Winning against the Red Sox is always good. Winning at Fenway is even better. Sweeping the Red Sox at Fenway is basically the best regular season thing for the rivalry. And like I’ve said far too many times this weekend, these games are always far from boring (at least the on-field action), and both teams did their best to make tonight’s game rather interesting.
The Yankees offense jumped on a big early lead right in the 1st inning. Jacoby Ellsbury led-off with a single (again), but was forced out on Gardner’s ground out. A fly out later, it’s Mark Teixeira to hit his 9th home run of the season — a 2-run shot into the last row of the Green Monster.
In the 3rd, Ellsbury on base with a single (his 6th consecutive multi-hit game, more later), Rodriguez singled, and then they both scored on Brian McCann’s deep double. McCann would then score on Carlos Beltran’s double. And in the 6th, with the second reliever of the game on the mound, Gregorius and Ellsbury each single and then score on Brett Gardner’s 3-run home run just over the Red Sox bullpen fence in right field. Another reliever was called on to shut down the Yankees that now had a 8-0 lead, and from then on, the Red Sox did just that.
It was this massive lead that allowed the Yankees to give starter Adam Warren some room to work. And up until that 6th inning, Warren was rather flawless. Prior to the 6th inning, Warren only gave up 1 hit, 2 walks, and no runs. But after a quick 2 outs, the Red Sox took advantage of his tiring as he approached 100 pitches — a single, an RBI double, a hit-by-pitch (more later), and an RBI double to put the score at 8-2. But he was responsible for those 2 runners on base when he left for the dugout.
Esmil Rogers, in for relief and to get that elusive last out of the 6th inning and hopefully got a little longer like he has in the past, immediately struggled, giving up a 3-run home run to put the Red Sox much closer. A walk and a single kept the Red Sox threatening, but big swinging strikeout ended that inning with 10 Red Sox batters. Rogers would get the first 2 outs in the 7th before turning the ball over to Wilson. Wilson closed the 7th and opened the 8th with a single and a strikeout, before passing off to Carpenter who with a single pitch got the batter to ground into a double play to get out of the 8th inning.
And then it was Andrew Miller’s turn for his 10th save. But his 9th inning was anything but typical for the Miller we’ve become used to this season. A lead-off walk, 2 strikeouts, and things looked promising, but no, this game is bound to be anything but typical. Another walk and a fielding error loaded the bases and invited the Red Sox big power hitter to the plate. And somehow, on Miller’s 32nd pitch of the inning, he got the batter to line out to former Red Sox Ellsbury to end the inning, the game, and the sweep in the Yankees’ favor. Finally.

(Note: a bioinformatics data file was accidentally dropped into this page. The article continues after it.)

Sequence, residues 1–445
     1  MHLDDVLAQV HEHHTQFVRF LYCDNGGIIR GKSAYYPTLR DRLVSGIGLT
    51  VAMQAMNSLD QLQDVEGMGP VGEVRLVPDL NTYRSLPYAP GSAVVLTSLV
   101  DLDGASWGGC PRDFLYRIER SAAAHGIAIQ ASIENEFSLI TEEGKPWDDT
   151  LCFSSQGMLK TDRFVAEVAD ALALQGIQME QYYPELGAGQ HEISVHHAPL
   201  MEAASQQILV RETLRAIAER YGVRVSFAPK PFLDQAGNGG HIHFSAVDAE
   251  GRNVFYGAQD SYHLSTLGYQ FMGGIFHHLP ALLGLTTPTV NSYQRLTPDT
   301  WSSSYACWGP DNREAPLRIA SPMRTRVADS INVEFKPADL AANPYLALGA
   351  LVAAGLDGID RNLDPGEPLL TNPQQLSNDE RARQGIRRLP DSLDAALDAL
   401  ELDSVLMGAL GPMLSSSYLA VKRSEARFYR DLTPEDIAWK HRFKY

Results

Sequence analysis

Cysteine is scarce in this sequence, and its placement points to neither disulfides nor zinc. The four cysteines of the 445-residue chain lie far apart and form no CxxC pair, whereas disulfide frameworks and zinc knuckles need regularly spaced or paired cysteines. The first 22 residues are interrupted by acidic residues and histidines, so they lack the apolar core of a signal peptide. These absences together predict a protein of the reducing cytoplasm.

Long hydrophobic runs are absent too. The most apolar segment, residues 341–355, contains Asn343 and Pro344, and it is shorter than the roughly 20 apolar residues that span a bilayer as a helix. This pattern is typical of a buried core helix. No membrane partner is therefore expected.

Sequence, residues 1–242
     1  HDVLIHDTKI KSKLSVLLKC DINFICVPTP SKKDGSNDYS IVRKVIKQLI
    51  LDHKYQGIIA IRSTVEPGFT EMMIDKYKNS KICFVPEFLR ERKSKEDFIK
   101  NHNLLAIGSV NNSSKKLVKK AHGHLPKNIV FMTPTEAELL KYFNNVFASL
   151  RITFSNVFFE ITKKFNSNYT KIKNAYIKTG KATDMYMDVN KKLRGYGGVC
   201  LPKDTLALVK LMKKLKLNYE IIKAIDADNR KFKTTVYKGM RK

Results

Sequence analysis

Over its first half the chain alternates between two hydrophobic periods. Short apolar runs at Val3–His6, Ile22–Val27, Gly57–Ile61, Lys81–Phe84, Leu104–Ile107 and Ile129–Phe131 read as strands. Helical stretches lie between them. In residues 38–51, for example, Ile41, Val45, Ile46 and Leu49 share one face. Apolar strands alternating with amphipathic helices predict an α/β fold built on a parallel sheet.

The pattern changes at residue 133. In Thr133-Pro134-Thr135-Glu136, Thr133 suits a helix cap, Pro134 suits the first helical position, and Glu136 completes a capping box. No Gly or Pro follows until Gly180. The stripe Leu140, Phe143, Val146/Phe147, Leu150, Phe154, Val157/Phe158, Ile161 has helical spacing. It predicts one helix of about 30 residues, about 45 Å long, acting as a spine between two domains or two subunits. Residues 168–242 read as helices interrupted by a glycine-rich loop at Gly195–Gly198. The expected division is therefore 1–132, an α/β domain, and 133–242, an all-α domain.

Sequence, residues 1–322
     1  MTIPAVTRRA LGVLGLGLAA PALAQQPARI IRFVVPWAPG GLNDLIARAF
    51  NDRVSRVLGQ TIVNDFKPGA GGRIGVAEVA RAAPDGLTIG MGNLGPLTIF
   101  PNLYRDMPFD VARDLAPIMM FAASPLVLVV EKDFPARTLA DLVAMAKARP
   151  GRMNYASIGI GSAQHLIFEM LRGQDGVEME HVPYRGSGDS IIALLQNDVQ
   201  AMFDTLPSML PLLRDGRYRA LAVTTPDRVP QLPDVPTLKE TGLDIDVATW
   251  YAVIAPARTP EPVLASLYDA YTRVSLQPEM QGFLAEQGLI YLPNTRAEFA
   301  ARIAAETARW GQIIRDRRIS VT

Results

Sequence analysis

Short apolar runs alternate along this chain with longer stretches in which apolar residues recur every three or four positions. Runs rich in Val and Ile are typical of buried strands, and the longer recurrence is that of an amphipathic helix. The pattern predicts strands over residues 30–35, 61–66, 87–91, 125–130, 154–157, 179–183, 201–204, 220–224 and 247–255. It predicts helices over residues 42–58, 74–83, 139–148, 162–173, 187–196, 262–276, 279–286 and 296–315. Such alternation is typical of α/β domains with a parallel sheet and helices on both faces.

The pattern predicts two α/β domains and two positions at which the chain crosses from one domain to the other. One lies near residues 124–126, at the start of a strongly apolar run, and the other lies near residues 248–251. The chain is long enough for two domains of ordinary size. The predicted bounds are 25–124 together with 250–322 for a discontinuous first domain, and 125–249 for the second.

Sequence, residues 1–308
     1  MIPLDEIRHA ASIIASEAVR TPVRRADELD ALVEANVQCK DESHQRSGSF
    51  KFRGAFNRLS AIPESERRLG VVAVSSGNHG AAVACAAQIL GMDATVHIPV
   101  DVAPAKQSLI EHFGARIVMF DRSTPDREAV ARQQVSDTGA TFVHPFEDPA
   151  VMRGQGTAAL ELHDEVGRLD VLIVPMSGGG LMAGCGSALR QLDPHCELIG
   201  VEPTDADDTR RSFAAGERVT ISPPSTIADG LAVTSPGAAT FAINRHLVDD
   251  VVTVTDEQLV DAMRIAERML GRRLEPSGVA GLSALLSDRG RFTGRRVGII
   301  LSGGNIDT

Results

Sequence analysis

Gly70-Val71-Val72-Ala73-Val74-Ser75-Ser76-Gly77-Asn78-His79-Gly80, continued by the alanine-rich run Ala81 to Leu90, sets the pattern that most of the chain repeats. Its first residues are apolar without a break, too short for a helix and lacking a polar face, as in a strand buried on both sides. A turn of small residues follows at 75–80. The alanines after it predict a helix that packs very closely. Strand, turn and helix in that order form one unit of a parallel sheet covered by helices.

Final score from Fenway (after midnight, in a nearly 4 hour game): 8-5 Yankees. Yankees sweep the series 3-0.
Okay, a couple of things to talk about and they both involved Ellsbury. Ellsbury is on a hitting streak in a ridiculous fashion. He had a total of 6 at-bats tonight and got 4 hits, a walk, and a hit-by-pitch and scored 2 of the 8 total runs. This gives him a .351 batting average, easily the highest on the Yankees.
And in the spirit of some of the most iconic and infamous moments in the rivalry, there was the start of something tonight from some less-than-cooler heads that weren’t in away grays tonight. In that bloated 6th inning, Warren’s tired pitching gave way and hit one of the Red Sox batters, who seemed a little overheated in response, angrily snapping at both McCann and Warren (who were only concerned and apologetic, by the way), and escorted down to 1st by the umpires in hopes of keeping players in the game and excess energies funneled into the competition of the game rather than in the fists and faces of their opponents.
Things seemed okay and normalizing, until the 8th inning. Almost too obviously, the Red Sox pitcher plunked Ellsbury on the “upper thigh”. Ellsbury glared at the pitcher on his way to 1st as the home plate umpire warned the pitcher and the benches. A little tension heightened with the bullpen standing at attention (just a few yards away from the Red Sox batter that started the tension), and a couple of Yankee players out of the dugout in protective mode. Girardi ushered his guys back, not needing to deal with the issues that come with an on-field “intense discussion” by his players. When Headley got hit in the 9th, it was obviously accidental and was largely ignored. Had it not been, it would’ve taken this dramatic game to a whole new level.
I like the rivalry and some of the dramatics that come with it — mostly the competitive tension and friendly back-and-forth chiding. But the diva theatrics I can live without. Grandstanding, intentionally harming batters, clearing the benches, anything that reeks of anger or cruelty or arrogant bravado — that’s the diva theatrics. And it’s not always been one-sided either. The Yankees are just as guilty of such acts in the past as the Red Sox. Fortunately, the newer rules curb most of these theatrics due to the consequences of such behavior.
There are changes I’m not fond of. But these are definitely some I can get behind. Just play the game.